Values Our values align with the business side of our business model—we see design and art as modes to help propel our functional business design contrasting many graphic design firms that will state “freedom” and “self-expression” as values. Our employees hold our values close as they design graphics, templates, and information systems in an attempt to elicit the same values in our clients: Productive Hospitality: We do things as productive as possible in all things that we do. From our organizational management tools to the way we interact with our clients, we are productive, yet provide a hospitality service—efficiency with a human touch. Smart Thinking: Our employees work to think smart. Creating documents that are designed effectively for our clients—as well as their audiences—takes smarts, yet we ask for thinking as well. Smart thinking is not only intelligence but general street smarts as well. Clear Business: We work to make all communication clear. Through effectively designed documents, internal communication systems, and well thought out paragraphs, we aim to make what we want to say what we say. That is, we clear business operates through

Mission We have two missions: To empower our clients to communicate effectively through business-guided and visually-appealing documents and To eliminate organization waste—time and effort—through well-built information systems. We find pride in helping our clients produce something that they are proud of—teaching and leading are fundamental aspects to our first mission. As a result our first mission, we hope to eliminate organizational waste which will ultimately increase the organizations ROI. To convince clients to choose our product, we highlight the ROI aspect of our mission, but as we work with them, we hope to convey the passion of empowerment that we give each employee who has access to the documents.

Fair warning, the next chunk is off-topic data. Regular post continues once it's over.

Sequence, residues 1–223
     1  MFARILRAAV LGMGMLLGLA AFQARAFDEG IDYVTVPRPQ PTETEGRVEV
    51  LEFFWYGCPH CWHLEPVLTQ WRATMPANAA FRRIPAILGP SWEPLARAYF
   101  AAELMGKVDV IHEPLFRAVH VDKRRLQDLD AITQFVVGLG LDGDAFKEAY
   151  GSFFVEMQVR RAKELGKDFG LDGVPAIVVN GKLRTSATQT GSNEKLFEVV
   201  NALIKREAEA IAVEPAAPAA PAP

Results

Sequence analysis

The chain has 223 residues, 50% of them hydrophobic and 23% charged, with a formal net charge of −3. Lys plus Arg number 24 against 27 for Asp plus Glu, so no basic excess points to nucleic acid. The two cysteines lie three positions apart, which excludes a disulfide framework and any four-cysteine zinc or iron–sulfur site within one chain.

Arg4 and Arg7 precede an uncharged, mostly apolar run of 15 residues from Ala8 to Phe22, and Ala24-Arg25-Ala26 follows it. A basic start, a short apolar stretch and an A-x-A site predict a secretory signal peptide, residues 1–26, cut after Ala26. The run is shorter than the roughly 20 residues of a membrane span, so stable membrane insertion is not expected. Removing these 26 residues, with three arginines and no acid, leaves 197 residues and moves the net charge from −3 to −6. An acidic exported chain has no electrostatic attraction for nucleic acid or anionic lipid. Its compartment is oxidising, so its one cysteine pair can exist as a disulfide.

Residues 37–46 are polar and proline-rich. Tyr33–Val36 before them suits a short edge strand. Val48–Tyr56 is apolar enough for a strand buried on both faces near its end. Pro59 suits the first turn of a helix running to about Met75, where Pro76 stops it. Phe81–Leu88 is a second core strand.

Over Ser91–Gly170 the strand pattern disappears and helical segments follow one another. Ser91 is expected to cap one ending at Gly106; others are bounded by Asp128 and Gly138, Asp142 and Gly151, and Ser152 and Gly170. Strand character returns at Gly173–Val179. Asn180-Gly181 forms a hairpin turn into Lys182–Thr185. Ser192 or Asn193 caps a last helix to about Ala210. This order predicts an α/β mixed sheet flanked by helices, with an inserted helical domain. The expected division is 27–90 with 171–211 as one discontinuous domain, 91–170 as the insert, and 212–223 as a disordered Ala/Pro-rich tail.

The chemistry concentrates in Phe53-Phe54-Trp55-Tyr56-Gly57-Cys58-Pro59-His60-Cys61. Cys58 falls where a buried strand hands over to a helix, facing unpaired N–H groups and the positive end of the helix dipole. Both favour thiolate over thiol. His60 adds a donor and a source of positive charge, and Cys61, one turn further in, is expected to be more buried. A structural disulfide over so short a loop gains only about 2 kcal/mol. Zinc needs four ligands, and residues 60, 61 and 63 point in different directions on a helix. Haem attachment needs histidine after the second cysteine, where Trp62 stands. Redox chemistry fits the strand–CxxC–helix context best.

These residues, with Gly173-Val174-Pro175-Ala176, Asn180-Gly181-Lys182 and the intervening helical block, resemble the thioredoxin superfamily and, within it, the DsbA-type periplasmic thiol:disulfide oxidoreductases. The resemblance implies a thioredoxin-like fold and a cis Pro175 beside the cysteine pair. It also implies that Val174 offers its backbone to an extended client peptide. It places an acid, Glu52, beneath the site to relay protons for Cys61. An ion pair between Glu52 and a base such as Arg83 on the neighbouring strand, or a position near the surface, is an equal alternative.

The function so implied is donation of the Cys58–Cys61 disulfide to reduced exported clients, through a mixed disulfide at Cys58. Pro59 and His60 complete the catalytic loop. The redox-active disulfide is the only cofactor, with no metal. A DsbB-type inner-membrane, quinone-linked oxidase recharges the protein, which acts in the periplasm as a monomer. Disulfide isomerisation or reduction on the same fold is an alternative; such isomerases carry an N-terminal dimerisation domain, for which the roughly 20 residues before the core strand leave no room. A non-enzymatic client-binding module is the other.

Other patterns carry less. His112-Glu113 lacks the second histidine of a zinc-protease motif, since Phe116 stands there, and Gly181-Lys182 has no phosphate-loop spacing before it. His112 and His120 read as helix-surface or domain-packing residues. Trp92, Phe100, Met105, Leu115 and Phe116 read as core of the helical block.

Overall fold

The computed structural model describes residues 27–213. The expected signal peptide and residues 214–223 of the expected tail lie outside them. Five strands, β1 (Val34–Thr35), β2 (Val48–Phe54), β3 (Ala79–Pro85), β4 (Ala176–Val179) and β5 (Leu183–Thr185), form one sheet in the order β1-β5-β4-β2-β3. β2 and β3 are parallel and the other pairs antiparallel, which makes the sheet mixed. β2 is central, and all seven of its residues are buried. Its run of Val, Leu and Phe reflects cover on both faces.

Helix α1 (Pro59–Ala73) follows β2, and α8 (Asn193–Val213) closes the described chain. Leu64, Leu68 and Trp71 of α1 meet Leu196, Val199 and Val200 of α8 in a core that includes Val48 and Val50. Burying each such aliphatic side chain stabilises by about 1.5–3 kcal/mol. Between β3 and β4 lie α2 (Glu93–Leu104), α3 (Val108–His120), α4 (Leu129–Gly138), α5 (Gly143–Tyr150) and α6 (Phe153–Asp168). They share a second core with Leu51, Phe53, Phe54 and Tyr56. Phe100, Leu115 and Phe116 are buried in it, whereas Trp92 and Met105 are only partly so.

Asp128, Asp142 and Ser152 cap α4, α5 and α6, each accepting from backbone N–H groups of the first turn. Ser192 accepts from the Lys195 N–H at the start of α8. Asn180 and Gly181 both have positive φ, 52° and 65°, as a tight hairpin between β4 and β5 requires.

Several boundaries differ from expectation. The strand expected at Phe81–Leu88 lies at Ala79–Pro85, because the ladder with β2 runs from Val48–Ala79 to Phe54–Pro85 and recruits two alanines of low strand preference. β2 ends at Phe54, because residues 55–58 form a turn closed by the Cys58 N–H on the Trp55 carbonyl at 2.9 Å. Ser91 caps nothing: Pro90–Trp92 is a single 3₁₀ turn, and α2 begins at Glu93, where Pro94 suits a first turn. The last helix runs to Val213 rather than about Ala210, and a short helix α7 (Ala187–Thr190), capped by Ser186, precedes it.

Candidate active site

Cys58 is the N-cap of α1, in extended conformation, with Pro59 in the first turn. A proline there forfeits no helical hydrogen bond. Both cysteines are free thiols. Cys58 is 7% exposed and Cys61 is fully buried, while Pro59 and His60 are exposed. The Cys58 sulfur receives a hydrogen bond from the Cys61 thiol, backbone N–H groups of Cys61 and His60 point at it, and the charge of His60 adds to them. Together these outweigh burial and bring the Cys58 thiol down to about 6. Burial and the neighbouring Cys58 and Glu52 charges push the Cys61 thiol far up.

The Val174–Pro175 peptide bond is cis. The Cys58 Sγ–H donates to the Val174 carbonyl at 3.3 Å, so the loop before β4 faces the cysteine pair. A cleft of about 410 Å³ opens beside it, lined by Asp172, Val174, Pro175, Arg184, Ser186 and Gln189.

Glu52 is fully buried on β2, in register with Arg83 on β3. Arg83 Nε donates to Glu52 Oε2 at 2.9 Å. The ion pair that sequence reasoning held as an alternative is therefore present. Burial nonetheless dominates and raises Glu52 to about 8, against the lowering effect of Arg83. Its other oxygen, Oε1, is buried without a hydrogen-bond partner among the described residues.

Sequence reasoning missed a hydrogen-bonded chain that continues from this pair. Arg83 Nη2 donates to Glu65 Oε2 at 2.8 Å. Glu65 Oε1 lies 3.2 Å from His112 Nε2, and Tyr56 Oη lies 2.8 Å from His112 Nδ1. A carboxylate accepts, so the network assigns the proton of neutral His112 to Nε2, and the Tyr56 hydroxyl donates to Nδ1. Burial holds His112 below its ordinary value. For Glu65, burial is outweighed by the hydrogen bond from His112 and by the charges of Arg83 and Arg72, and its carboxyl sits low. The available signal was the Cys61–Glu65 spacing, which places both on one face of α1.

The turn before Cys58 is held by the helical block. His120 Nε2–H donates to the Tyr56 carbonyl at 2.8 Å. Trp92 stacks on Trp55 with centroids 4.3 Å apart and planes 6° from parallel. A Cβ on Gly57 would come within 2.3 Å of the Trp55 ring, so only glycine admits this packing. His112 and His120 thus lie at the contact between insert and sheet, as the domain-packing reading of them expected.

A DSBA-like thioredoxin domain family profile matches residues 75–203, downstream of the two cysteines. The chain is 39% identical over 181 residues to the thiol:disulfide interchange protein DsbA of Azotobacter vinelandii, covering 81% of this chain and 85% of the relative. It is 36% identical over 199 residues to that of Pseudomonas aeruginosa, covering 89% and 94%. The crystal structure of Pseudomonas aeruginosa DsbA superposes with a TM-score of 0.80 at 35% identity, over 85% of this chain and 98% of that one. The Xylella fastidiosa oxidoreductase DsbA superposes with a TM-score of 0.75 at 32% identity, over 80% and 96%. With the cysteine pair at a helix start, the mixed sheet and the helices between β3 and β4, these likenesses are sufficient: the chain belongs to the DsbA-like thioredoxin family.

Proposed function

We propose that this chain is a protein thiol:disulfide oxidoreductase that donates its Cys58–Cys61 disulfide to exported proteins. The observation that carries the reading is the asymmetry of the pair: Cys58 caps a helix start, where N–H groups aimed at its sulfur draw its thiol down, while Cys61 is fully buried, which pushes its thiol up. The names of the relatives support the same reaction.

ClearForm Company and Product Overview, March 13, 2011

p. 3


Strategy We will use the following strategies to build a solid company.

The Competitive Strategy ClearForm uses its unique product offering as a competitive strategy. Graphic Designers who know business: We are not just graphic designers; we are trained to make the design fit the professional guidelines of the hospitality firm. Business professionals who know design: We are not just business professionals; we are trained to make documents look pleasing to the eye and make the information in the document clear to the reader. Students who know the industry: We are students who are eager to gain experience in creating products for clients and have a vast set of resources at our disposal at the Cornell School of Hotel Administration.

SWOT Analysis Strengths We are fresh out of Business Computing—an intensive “training� course on the service that we provide. We minimize costs by relying on existing training through the college. When companies realize the potential increase in productivity that comes from our product, we can gain quick support. Weakness We are young and inexperienced. SGH is partially a consulting company, and consultants are usually well worked within the industry that they are consulting for. Opportunities The increase of expectation for technology Threats Consultants understand that they need to offer the same product. They can then package it in and leave us out of making hospitality contacts.

p. 4

ClearForm Style and Brand Guide, March 13, 2011